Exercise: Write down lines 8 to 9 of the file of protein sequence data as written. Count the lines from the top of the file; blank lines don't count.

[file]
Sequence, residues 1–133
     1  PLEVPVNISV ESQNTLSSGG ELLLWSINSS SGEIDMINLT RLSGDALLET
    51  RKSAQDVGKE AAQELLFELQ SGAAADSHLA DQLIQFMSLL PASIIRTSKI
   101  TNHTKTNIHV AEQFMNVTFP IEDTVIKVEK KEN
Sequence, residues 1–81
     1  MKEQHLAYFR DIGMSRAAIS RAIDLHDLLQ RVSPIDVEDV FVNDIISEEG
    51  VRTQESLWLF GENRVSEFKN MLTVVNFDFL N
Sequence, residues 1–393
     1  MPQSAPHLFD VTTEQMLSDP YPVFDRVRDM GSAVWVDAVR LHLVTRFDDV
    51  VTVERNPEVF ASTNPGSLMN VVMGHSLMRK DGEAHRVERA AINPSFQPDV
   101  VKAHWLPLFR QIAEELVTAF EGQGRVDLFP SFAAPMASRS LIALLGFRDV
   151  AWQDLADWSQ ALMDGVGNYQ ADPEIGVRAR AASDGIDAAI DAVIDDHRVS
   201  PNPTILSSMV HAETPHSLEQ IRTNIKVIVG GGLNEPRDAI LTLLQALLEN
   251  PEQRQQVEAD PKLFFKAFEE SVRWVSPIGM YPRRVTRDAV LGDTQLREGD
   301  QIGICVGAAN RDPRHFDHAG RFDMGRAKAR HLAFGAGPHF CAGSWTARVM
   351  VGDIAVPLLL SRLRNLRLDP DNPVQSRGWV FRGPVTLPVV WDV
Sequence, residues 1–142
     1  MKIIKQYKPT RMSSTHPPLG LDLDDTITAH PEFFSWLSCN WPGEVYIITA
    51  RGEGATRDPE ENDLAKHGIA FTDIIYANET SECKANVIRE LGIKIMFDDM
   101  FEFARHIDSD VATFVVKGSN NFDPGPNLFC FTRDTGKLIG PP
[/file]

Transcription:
Sequence, residues 1–393
     1  MPQSAPHLFD VTTEQMLSDP YPVFDRVRDM GSAVWVDAVR LHLVTRFDDV